14ymedio, Karel J. Leyva, Montreal, 6 May 2023 — The Cuban people are facing a difficult dilemma: to continue to be subjected to an oppressive regime that limits their rights and freedoms, or to risk being punished mercilessly for fighting for a democratic future. The theory of the prisoner’s dilemma, developed by mathematicians and social scientists, allows us to understand this dynamic, which reflects the tension between immediate personal interests and the mutual benefits that could be obtained by Cuban society. What is the cost of silence in an authoritarian regime?
The basic hypothesis of the prisoner’s dilemma is that two people are arrested for a crime and are interrogated separately. Each one has two options: admit the crime and betray the other, or remain in solidarity, refusing to betray. If they do not admit the crime, both will be released with a light penalty. If both admit the crime, they will be sentenced to a more serious penalty. However, if one person admits and the other does not, the first will be released while the one who did not give in to pressure from the police will be sentenced to a very serious penalty.
The ideal, clearly, is that both refuse to admit or betray, in which case the optimal solution is reached, and the police are left empty-handed while they escape punishment. However, the dilemma is precisely that both individuals have a strong motivation to betray, since, if one remains supportive and the other betrays, the second will be acquitted. The prisoner’s dilemma shows how, in certain situations, the individual search for benefits can lead to negative results, while cooperation, solidarity and trust can lead to much more favorable results for all parties involved.
This is precisely the dilemma faced by Cuban society, which is finds itself with the choice of cooperating to overthrow a dictatorship that represses, manipulates and subjugates, or to betray, thereby renouncing a desire to live in a prosperous, just and democratic society. Although in a metaphorical sense, I use the word “betrayal” with all intention, because the lack of citizen action, solidarity and cooperation can be interpreted as a form of betrayal of their own interests, those of their children and fellow citizens, those of the nation.
When a dissident is allowed to suffer the injustices to which he is subjected by tyranny, a compatriot is somehow betrayed. When it is accepted that the system condemns a child to experience hunger and material need, in some way the moral commitment that one has to him is deceived. When one remains inert before the tyranny that oppresses and mistreats, the dignity that constitutes us is betrayed, and with it the very essence of the human is ceded, which is the search for freedom and wellbeing.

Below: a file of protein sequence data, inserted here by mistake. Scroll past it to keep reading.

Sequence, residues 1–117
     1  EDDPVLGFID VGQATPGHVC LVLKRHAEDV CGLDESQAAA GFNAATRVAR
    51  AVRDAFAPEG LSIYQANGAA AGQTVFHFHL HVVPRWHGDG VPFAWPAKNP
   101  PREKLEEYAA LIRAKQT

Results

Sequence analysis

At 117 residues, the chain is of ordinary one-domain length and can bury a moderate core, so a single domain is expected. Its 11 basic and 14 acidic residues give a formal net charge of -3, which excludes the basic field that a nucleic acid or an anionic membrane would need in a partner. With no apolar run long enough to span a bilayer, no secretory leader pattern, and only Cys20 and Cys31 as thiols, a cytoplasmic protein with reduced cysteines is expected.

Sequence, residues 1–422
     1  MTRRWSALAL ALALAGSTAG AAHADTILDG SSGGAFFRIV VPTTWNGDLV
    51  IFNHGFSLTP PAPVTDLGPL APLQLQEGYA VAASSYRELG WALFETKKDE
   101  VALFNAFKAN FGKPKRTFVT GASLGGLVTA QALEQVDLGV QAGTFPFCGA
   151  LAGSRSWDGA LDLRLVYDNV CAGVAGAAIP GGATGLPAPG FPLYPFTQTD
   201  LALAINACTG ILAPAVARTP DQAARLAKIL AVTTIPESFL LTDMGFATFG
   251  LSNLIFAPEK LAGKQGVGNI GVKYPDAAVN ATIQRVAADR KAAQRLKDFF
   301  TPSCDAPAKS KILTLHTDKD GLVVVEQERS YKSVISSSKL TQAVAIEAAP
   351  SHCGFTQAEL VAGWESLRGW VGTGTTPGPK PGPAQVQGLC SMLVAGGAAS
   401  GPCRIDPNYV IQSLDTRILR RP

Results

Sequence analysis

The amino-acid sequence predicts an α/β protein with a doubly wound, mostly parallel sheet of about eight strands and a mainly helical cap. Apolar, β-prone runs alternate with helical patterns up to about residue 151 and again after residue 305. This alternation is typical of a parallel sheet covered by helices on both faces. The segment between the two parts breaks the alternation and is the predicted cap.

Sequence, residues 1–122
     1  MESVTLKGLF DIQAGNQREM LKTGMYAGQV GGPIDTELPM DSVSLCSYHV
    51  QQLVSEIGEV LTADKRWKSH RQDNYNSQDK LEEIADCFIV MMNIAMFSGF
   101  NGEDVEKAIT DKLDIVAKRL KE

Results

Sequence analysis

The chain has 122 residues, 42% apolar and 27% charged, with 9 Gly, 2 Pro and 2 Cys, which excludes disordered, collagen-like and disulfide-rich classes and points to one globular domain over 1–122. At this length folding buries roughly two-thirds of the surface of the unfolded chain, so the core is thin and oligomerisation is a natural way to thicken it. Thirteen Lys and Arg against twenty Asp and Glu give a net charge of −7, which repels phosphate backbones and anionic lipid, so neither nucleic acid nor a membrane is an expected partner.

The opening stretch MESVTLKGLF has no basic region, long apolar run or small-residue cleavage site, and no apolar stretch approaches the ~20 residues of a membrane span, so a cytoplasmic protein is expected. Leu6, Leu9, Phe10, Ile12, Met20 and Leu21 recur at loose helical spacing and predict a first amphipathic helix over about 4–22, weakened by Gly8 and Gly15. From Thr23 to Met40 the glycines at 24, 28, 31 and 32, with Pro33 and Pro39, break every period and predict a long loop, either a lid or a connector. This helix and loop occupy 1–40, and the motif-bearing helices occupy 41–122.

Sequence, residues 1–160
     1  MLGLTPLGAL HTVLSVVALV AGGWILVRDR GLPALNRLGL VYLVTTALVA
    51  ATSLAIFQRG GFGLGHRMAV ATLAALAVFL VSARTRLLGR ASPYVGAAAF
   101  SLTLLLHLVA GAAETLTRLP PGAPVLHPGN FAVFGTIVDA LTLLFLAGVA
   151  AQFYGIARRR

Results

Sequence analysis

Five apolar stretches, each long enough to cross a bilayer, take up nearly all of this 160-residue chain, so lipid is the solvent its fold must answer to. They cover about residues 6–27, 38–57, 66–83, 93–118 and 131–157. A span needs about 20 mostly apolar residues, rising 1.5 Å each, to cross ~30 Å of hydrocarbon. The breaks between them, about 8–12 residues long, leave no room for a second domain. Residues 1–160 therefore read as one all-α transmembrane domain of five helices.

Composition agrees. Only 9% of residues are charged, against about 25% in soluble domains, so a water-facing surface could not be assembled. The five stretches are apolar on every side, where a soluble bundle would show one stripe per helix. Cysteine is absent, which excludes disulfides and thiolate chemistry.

It is true that political abstinence does not imply direct action against the interests of society. Nor is it comparable to the desolate and shameful betrayal of those who violently impose misery and those who support them, whether applauding hypocritically, betraying their compatriots or repressing in one way or another those who have the courage to face the muscular totalitarianism that governs in Cuba.
There is an abyss between the metaphorical betrayal of a people who suffer in silence and the literal betrayal of the sinister accomplices of oppression, who crawl bogged down in a dark dynamic of betrayal and submission. It is not comparable to betraying one’s own interests, for fear of being thrown into prison after a summary trial, to the vile betrayal committed by those abject lackeys who diligently serve dictatorial designs, surrendering their compatriots to the jaws of the oppressive regime.
Despicable executioners of the people, they are the personification of betrayal, cowardice and disloyalty. What I suggest is that the cost of the apathy of the people is the indefinite perpetuation of the dictatorship and the misery that comes with it. Such inaction has devastating consequences for the quality of life of today and tomorrow and contributes to keeping the nation in a state of subjugation and poverty.
There is no doubt that the risk of reprisals is substantial. No one is unaware that repressors are capable of everything. This is precisely the nature of the dilemma. Because there is also no doubt that if the majority of Cubans remain inert while a few are persecuted and tortured for defying the regime, the result will be none other than the perpetuation of the moral and economic poverty that suffocates Cuba.
The prisoner’s dilemma does not suggest that there are only two alternatives in reality or that the latter is dichotomous and simple. Between fighting and not fighting, there are a range of possibilities, from leaving the country to being loyal to tyranny and defending it, even if everything collapses and the soul is lost along with it.
Nor does it establish a moral judgment on individual decisions. It is morally legitimate to flee from communism, protect physical integrity and seek a life that gives us everything that tyranny has forcibly denied us. Similarly, it is understandable to avoid exposing yourself to the danger of facing a repressive apparatus that knows no ethical limits.
What this model shows is, simply, that the best options for a nation depend on a complex network of individual decisions. The Cuban people can remain powerless, abandoning to their fate those who prefer not to betray the ideals of freedom, democracy and prosperity. It can also rediscover the cohesion and citizen confidence that the regime has undermined for decades, and choose to think as a nation to exorcise misery, helplessness and ruin once and for all.
Translated by Regina Anavy
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